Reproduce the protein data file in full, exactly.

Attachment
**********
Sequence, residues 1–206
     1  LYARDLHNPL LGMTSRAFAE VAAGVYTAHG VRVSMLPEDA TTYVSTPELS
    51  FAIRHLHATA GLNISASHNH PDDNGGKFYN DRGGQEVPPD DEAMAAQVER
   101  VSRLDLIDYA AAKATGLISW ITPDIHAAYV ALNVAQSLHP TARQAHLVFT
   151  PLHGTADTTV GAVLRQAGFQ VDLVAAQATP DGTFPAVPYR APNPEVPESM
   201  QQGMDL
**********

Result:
Sequence, residues 1–206
     1  LYARDLHNPL LGMTSRAFAE VAAGVYTAHG VRVSMLPEDA TTYVSTPELS
    51  FAIRHLHATA GLNISASHNH PDDNGGKFYN DRGGQEVPPD DEAMAAQVER
   101  VSRLDLIDYA AAKATGLISW ITPDIHAAYV ALNVAQSLHP TARQAHLVFT
   151  PLHGTADTTV GAVLRQAGFQ VDLVAAQATP DGTFPAVPYR APNPEVPESM
   201  QQGMDL